2011-08-03 / Opinion


Free Child ID Program in Croswell

Dear Editor:

On Saturday August 6th, the Croswell Masonic Lodge #469 will be providing a free child identification program. The program will be conducted between the hours of 10 a.m. and 2 p.m. at the Croswell Masonic Temple at Howard Street and Wells Street in Croswell. This is being done as a part of Croswell Swinging Bridge Festival.

Each child that goes through the process will receive a dental impression kit that can be done at home as well as a CD containing a photo, video, digital fingerprints and their vital information. Parents or guardians of children who participate must be present and fill out a permission slip for the child to receive this service. Children who have already received the service are encouraged to repeat the process every two years to keep the information in the completed packets current.

The Michigan Child Identification Program provides the family with everything needed for the Amber Alert System and since 2005 several thousand Michigan families have received this valuable service. The program is also considered one of the most comprehensive programs of its kind by the National Center for Missing and Exploited Children.

For questions or more information about the event you may call 989-466-3087 or consult the Michigan Child ID Web Site at www.michiganchildid.org.

Nathan Soule

Croswell Lodge 469

Garden tour well attended

Dear Editor:

Marlette Hospital Auxiliary members most sincerely thank every garden walker who, on Thursday, July 14th, chose to see and admire: Terry and Jo-Ann Haskes’ gorgeous gardens, many with patriotic themes, and including a very special memorial section dedicated to the memory of Jo-Ann’s mother; the wide spread and wonderful gardens of Chuck and Debby Bliss including a bridge over peaceful waters as just one of many highlights;

Richard and Pat Randalls’ huge back yard featuring a nostalgic nudge back to years gone by with hosta gardens and theme gardens galore; and Richard and Bev D’Arcys’ tasteful and expansive displays of plants and flowers so perfectly assembled in splendid raised beds surrounding their fine brick farm home. The Marlette Train Depot was very gracious to provide refreshments throughout the evening.

Nearly one hundred people patronized the 2011 Garden Tour, and seven hundred dollars was raised to help purchase a vital signs monitor for the Marlette Regional Hospital Long-term Care Facility. The Auxiliary sincerely thanks the Foundation and Marketing Department of MRH, the Marlette Train Depot staff, and certainly the four gracious and generous garden owners who worked beyond anyone’s imagination to present four most marvelous gardens!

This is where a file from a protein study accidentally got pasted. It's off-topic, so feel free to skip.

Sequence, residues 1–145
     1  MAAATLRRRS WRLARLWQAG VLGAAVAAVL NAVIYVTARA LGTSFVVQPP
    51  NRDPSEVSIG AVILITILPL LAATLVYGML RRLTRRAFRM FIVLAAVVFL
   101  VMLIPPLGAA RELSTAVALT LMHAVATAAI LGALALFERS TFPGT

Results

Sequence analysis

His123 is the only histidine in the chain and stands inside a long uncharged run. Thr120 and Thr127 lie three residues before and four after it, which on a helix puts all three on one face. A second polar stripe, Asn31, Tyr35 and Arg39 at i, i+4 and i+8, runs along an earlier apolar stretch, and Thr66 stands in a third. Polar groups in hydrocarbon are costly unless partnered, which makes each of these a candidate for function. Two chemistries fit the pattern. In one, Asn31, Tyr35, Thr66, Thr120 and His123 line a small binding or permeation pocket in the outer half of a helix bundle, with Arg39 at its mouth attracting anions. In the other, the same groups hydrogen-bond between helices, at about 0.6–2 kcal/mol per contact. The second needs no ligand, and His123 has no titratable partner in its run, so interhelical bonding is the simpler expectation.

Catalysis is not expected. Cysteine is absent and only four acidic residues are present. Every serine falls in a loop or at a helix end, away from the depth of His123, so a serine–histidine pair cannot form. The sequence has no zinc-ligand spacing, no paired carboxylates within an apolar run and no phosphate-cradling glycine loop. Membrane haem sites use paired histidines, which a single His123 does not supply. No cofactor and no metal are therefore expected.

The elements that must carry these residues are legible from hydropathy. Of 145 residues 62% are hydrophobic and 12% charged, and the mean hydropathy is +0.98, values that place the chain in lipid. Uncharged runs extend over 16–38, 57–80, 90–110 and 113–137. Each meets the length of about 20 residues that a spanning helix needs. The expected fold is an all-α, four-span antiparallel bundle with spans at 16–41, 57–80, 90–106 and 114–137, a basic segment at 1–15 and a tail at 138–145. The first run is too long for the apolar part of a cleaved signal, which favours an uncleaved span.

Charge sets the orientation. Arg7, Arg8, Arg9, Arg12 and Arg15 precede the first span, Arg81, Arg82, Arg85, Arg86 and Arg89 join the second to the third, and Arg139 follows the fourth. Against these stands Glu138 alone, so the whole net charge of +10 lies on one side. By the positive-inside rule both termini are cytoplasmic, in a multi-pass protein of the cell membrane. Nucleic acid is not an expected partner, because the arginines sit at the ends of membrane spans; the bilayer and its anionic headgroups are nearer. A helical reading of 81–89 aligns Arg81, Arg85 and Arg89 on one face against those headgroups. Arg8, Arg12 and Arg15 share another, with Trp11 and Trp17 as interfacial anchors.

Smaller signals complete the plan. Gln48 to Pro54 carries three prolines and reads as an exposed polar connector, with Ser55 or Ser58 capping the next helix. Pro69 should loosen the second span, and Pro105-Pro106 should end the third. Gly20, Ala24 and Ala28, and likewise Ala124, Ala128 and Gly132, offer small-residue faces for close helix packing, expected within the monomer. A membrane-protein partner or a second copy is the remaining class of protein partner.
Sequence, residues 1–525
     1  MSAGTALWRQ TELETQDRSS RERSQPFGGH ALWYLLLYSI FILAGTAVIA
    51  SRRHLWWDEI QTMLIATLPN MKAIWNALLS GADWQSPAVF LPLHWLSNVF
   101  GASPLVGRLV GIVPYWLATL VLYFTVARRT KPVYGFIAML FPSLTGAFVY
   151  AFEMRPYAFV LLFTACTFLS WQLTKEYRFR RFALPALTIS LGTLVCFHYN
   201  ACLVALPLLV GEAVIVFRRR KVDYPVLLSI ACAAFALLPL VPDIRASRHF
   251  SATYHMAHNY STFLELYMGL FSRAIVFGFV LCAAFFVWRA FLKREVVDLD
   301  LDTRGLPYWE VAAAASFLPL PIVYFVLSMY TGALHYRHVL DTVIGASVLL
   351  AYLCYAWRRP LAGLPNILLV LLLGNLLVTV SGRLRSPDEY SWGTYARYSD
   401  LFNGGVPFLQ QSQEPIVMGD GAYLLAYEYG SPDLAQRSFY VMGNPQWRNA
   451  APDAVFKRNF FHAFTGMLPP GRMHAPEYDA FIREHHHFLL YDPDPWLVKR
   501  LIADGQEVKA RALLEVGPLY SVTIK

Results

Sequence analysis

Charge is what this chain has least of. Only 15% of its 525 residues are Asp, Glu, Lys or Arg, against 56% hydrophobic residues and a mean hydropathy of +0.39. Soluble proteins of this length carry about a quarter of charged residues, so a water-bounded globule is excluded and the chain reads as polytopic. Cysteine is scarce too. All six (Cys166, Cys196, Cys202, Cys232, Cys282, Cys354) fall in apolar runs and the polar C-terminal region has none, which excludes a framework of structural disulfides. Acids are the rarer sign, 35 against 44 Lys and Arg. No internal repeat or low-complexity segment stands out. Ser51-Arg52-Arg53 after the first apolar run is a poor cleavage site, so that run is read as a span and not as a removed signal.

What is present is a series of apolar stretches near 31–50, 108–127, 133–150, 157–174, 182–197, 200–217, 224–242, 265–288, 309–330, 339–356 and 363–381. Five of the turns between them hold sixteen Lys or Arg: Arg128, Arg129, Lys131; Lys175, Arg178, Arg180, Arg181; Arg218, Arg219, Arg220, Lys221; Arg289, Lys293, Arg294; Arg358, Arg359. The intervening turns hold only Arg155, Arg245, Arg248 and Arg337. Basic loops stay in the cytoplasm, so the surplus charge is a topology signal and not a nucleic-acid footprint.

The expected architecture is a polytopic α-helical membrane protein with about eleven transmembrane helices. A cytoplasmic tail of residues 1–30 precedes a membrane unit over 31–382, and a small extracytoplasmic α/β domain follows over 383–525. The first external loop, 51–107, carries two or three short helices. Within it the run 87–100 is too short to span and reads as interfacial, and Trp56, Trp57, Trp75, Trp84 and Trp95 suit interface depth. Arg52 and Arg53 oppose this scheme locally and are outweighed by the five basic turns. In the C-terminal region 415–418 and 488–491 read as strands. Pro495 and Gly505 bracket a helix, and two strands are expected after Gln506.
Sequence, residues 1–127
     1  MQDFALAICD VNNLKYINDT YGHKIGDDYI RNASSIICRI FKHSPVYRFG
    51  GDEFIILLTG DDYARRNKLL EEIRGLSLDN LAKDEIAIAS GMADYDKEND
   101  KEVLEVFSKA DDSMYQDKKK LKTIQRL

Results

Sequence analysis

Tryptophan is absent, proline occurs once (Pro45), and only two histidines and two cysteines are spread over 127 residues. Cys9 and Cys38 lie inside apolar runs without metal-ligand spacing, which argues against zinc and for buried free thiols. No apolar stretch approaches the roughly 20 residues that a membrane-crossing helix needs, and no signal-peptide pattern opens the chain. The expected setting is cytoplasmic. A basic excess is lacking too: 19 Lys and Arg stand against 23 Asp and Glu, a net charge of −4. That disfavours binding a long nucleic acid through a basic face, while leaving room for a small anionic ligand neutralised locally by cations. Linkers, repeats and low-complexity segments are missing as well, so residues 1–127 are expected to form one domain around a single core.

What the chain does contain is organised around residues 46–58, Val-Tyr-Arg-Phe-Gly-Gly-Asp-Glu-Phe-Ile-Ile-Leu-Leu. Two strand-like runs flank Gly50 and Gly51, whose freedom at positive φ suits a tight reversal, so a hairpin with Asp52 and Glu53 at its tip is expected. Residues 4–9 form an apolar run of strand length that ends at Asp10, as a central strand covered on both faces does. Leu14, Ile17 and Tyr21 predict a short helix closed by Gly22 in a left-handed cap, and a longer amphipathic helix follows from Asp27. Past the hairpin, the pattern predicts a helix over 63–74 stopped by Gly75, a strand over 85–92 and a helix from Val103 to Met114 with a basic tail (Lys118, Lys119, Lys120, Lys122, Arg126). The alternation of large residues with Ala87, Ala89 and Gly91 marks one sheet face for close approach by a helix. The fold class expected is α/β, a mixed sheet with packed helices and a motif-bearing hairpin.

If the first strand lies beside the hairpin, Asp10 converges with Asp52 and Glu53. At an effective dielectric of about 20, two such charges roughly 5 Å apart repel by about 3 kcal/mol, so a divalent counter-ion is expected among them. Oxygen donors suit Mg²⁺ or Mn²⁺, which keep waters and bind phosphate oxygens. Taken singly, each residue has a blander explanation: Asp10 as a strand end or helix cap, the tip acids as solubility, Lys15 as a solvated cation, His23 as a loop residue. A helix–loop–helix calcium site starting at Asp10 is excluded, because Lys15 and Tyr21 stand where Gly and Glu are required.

Pat McLaren

Marlette Hospital Auxiliary

Area used for bombing practice in WW II Dear Editor:

Working in the archive room (at the Sanilac County Historical Museum) , I often get asked by visitors and volunteers if I ever get distracted by the content and end up reading. Not typically; however, one day, recently, I did.

While working on an inventory project in the archive room, I was slightly perplexed when I came across a folder labeled World War II — Aerial Bombing. Prior to opening the file and examining the contents, my initial hunch was, like the museum’s Civil War content, this folder likely contained information about local soldiers who were part of the war; however, in this case, they specifically participated in the bombing of Nazi-occupied countries. I was entirely wrong.

Upon opening the file, I discovered a document dated August 6, 1942, from the War Department based out of Detroit, Michigan, bearing a map of the Thumb area with Harbor Beach and Port Sanilac clearly marked. After closer inspection,

I ascertained that this document was a letter to local mariners warning them of an upcoming “aerial bombing practice” taking place in Lake Huron. The document was signed by H.G. Barrows with the title of “Colonel, Corps of Engineers District Engineer.” (I’ve included a transcript of the document at the end of this article.)

After leaving the archive room that day and attempting to resume course work, I kept returning to the document, in my mind, and began pondering the local history surrounding the event. Naturally, I told my friends and family about my discovery and was excited to see their interest sparked. While gently making a copy of the document, for reference purposes, the Society’s administrator, Joyce, recalled White Rock (insert location), being reduced in size due to the aerial bombing practice. At this particular point in the project, I realized that the purpose of these proposed articles should not be limited to sharing interesting documents in the archive room, but to perhaps serve as an impetus for documenting local history. I invite you to share your stories and memories. If you recall the practice runs in Lake Huron, or, as a child were told stories about them, please contact the Society. I would be happy to schedule a time to meet with you and document your piece of Sanilac County history that can be shared with generations to come.


LAKE HURON - lower end - Port Sanilac to Harbor Beach, Michigan - CAUTION

Commencing on August 10, 1942, aerial bombing practice will take place in an area 10 miles in width, starting a point 5 miles north of Port Sanilac and extending 20 miles north toward Harbor Beach. Provision for patrolling the area by air and safeguarding personnel and material will be the responsibility of the commander of the organization conducting the practice, and no restrictions will be established relative to the movement of commercial or privately owned vessels in this area.

Jill Brown

Sanilac County Historical Society

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